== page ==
arboreal species from phytossociologic studies carried out
within the Atlantic Forest Biome, we selected 38 species for
which there was sufficient data on its current distribution, and
categorised them with early secondary and late secondary,
based on Rodrigues et al. (2007) (Table 1). As in Siqueira
The Brazilian Atlantic Forest sensu lato is classified as an
area that comprises three types of forests: Ombrophylus Dense
forests, Semideciduous and Deciduous Stationary forests
from the South and Southern regions, and Ombrophylus Mist
forest, also known as Araucaria forest from Southern Brazil
(Joly et al., 1999; Oliveira Filho and Fontes, 2000).
The always green dense forest occurs in an ombrophylus
climate without a biologically dry period throughout
the year and exceptionally with two months of scarce
humidity. The average temperatures are between 22 and
25 °C. Semideciduous and deciduous forests occur in
areas with 2 to 5 months of dry season, with the same
range of temperatures. On the other hand, the Araucaria
forest of Southern Brazil occurs in areas with a subtropical
mesotermic climate, with temperature in the range of
12 to 22 °C.
Our current knowledge indicates that this complex
biome contains a species diversity higher than most of
the Amazon forests. Species richness, the extremely high
levels of endemism and the small fraction of the original
forest left, led Myers et al. (2000) to rank the Brazilian
Atlantic Forest among the top biodiversity hotspots. In the
region of Santa Tereza, Espírito Santo State, Thomaz and
Monteiro (1997) recorded 443 species of tree per hectare
and the tree diversity index can be as high as H’ = 4.48
in the Submontane forests of Serra do Mar State Park in
São Paulo State (Rochelle, 2008).
Although there is some controversy about the exact
age of the Atlantic Forest, it is regarded as the oldest
Brazilian forest (Rizzini, 1997). It is made up of a mixture
of species that have evolved from native vegetation from
the era in which South America was separating from Africa,
65 million years ago, with the original Ombrophylus dense
forest cover. On the other hand, in the northeast and in the
south, the Atlantic Forest expanded and retracted during
the Quaternary (Brown Jr., 1987; Behling and Negrelle,
2001; Ledru et al., 2005; Bush and Oliveira, 2006). There is
also abundant information about possible past connections
between the Atlantic Forest and the more recent Forests of
the Amazon Basin (Thomas et al., 1998; Costa, 2003)
During the last 500 hundred years, the Atlantic Forest
has been exploited and destroyed, being replaced first by
sugarcane in the NE region (XVI century), and then later
by coffee in Rio de Janeiro and São Paulo (XVIII and XIX
century), by cattle ranching in São Paulo and Minas Gerais
(XIX and XX century), by cocoa in Bahia (XX century),
and more recently by Eucalyptus forest for cellulose and
paper production. The forest was also replaced by cities,
being the homeland of about 125 million Brazilians, since
all state capitals from the S, SE and NE region, including
Porto Alegre, Curitiba, São Paulo, Rio de Janeiro, Belo
Horizonte, Salvador and Recife, are within the Atlantic
Forest domain. Therefore, there is only 7.6%, of the original
Atlantic Forest left, and less then 50% of the remnants
are protected in Conservation Units (Fundação SOS
Mata Atlântica and INPE, 1998). Including intermediate
Hydro-1K data set), and aspects of climate including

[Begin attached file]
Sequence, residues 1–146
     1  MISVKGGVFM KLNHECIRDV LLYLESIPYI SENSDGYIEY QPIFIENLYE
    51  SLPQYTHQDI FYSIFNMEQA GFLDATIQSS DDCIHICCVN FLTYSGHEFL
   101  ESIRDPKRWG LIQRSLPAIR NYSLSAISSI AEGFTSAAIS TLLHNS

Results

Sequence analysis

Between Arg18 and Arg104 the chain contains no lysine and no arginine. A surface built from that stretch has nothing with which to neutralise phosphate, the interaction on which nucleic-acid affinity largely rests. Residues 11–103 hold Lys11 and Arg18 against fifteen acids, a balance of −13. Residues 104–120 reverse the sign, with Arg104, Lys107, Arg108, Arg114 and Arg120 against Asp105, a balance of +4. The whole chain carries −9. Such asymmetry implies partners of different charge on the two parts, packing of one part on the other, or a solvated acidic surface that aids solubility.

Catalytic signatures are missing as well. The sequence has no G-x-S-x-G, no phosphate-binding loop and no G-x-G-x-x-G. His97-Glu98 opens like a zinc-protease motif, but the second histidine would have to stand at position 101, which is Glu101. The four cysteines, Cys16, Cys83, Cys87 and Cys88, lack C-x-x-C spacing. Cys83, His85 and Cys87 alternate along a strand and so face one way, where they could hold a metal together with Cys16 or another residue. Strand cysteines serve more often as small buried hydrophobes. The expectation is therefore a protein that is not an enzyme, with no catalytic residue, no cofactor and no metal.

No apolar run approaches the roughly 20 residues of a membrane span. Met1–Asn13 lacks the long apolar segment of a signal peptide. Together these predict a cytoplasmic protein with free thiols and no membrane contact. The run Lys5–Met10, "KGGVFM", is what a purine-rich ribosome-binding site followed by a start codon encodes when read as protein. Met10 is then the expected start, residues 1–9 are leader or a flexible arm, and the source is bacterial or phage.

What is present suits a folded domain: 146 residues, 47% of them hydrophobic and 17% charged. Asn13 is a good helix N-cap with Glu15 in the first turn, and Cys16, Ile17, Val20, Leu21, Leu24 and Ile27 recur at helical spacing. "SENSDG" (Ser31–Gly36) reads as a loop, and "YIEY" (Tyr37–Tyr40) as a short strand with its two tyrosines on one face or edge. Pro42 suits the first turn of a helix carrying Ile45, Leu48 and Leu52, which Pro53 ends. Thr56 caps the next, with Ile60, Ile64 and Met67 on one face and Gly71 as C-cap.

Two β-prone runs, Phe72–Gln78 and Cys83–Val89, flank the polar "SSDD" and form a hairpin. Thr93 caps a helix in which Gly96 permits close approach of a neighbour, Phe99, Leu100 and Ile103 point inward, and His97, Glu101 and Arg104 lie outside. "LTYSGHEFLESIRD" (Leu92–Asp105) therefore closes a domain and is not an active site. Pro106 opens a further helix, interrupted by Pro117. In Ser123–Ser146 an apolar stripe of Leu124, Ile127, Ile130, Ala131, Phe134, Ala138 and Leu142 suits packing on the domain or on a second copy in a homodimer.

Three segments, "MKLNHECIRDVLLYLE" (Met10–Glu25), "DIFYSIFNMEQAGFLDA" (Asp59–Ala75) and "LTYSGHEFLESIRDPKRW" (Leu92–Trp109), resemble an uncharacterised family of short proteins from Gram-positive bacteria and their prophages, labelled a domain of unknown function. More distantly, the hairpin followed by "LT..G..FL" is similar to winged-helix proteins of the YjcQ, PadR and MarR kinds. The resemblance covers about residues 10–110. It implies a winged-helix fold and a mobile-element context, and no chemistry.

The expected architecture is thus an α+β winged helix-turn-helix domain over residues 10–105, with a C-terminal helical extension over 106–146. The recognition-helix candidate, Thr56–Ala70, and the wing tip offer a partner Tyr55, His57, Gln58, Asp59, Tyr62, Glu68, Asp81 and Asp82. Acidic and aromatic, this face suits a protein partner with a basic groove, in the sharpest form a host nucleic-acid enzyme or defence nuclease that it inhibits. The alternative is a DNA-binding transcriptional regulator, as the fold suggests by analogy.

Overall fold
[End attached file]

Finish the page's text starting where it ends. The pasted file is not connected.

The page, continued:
diurnal temperature range; mean annual precipitation;
maximum, minimum, and mean annual temperatures;
and vapor pressure (annual means 1960-1990) from the
Intergovernmental Panel on Climate Change (http://www.
ipcc.ch/), exactly the same used by Siqueira and Peterson
(2003) to project possible climate change consequences
for Cerrado trees.
The scenario models used are described in detail in
Siqueira and Peterson, (2003) and are similar to scenarios
B1 and A1F1 from the latest report of the International Panel
on Climate Change (IPCC, 2007). The optimistic scenario
forecasts an increase of 0.5% per year in the concentration
in the atmosphere, projects an average increase in
≤2 °C, while the pessimistic scenario
forecasts an increase of 1%/yr CO
and projects a mean
used the projection layers from climate changes for the
next 50 years and the same data for topographic aspects,
taking into account the little probability of topographic
change for the next 50 years. These projections from
climate layers have a resolution of 50 × 50 km, showing,
therefore, a low accuracy as they generalise the climatic
data. This difference in scale, 50 × 50 km of the climate
layers, and 1 × 1 km of topographic layers, produces loss
of quality and interferes with the definition of the potential
distribution of the species. Aiming at the minimisation
of such difficulty, all maps were rebuilt for a resolution
of 5 × 5 km (Chapman et al., 2005) cut for the Brazilian
territory, making the process of development of models
more efficient, rapid, and minimising the loss of data of
the more detailed models (1 × 1 km).
In order to produce data comparable to Cerrado trees,
we used the Genetic Algorithm for Rule-set Prediction
(GARP) as Siqueira and Peterson (2003) did in their study.
Using the software DesktopGarp 1.1.4, freely available
at (http://www.lifemapper.org/desktopgarp/), 114 models
of distributions were generated, being 38 models for the
current distribution of each species, and 76 projections
for future scenarios (38 projections using the pessimistic
scenario and 38 for the optimistic scenario). For each
species, the minimum of points considered was 30,
being 1/3 of them previously separated randomly for the
external validation of the models, and the other 2/3 were
effectively used to establish the model of distribution
of each species. Each distribution model is the result of
100 runs, to reach a coefficient of conversion of 0.01 and
a maximum of interactions of 1,000 per species, using
four rules: anatomy, range, denied range, and logistic